10. Calymperes tahitense (Sull.) Mitt., J. Linn. Soc., Bot. 10:172. 1868; Syrrhopodon tahitensis Sull., U.S. Expl. Exp. Wilkes Musci 6. 1860.
Plants robust, dark green, blackish proximally, in tufts and cushions. Stems elongate, often forked; rhizoids glossy dark red. Leaves monomorphic, somewhat curled-contorted when dry, straight and erect-spreading when wet, oblong-lanceolate to broadly linear above somewhat or not broader base, mostly 5–7 mm long, axillary hairs inconspicuous; costa extended beyond broad portion of upper laminae, with narrow, revolute, lateral wings of laminae as in C. afzelii; cells of upper laminae isodiametric, small, obscure, smooth abaxially, bulging adaxially; margins strongly thickened distally, inconspicuously toothed proximally, coarsely toothed distally, teniolae very conspicuous, often marginal or nearly so at shoulders; cancellinae broad distally, their distal cells characteristically interfingering among adjacent green cells of upper laminae. Gemmae common, borne adaxially on modified club-like tip of costa. Sporophytes not seen.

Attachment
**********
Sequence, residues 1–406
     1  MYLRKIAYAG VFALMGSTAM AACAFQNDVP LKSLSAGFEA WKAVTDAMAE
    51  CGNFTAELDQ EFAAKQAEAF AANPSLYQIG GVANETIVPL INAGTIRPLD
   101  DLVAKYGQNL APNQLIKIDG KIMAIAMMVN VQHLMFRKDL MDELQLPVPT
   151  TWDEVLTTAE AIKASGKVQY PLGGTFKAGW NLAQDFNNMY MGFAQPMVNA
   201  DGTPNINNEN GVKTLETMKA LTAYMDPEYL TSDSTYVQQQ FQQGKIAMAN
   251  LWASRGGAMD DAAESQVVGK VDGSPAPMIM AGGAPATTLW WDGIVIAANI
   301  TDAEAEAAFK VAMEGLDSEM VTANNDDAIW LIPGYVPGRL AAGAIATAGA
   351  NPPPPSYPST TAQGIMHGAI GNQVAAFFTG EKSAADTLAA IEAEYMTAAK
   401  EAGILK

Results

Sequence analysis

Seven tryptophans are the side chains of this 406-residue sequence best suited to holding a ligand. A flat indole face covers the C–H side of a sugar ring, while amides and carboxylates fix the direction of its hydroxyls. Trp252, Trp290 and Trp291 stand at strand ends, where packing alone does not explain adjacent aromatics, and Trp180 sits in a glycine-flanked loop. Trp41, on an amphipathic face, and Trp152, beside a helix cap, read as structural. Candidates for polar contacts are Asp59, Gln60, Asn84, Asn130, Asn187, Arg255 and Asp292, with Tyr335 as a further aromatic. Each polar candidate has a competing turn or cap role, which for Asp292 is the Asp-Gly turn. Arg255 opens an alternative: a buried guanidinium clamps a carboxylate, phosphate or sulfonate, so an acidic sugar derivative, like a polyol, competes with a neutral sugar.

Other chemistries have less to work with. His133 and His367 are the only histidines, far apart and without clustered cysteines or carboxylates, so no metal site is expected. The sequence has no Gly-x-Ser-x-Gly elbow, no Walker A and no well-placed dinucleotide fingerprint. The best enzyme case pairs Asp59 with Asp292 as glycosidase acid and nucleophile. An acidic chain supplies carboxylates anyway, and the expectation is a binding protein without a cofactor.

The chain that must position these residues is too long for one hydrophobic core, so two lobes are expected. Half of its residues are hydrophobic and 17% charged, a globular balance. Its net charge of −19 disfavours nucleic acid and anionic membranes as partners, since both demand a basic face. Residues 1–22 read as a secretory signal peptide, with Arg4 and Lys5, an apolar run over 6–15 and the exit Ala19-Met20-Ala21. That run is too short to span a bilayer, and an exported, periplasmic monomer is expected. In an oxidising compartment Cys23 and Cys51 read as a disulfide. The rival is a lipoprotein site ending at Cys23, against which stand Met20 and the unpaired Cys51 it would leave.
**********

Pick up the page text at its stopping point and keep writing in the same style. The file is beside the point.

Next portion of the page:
Type. Tahiti, collector ? (holotype FH; isotype BM).
Chinese specimens examined: HAINAN: Ling-shui Co., Reese et al. 17835 (IBSC, LAF, MO). TAIWAN: Botel Tobago, Schwabe 120 p.p. (NICH).
Habitat: rare, but locally common and abundant on tree trunks, roots, and rocks in low shaded humid forests along streams; 70–180 m; Distribution: China, Andamans, Malaysia, Australia, Oceania, and eastern tropical Africa.
The dark coarse plants of Calymperes tahitense are usually very distinctive and easy to recognize in the field. Although similar in some respects to C. afzelii, plants of C. tahitense are distinct in their size, large, marginal or nearly so teniolae, coarse teeth toward the leaf tips, and distal cells of the cancellinae interfingering among cells of the upper laminae.
Illustrations: Pl. 93, figs. 1–6.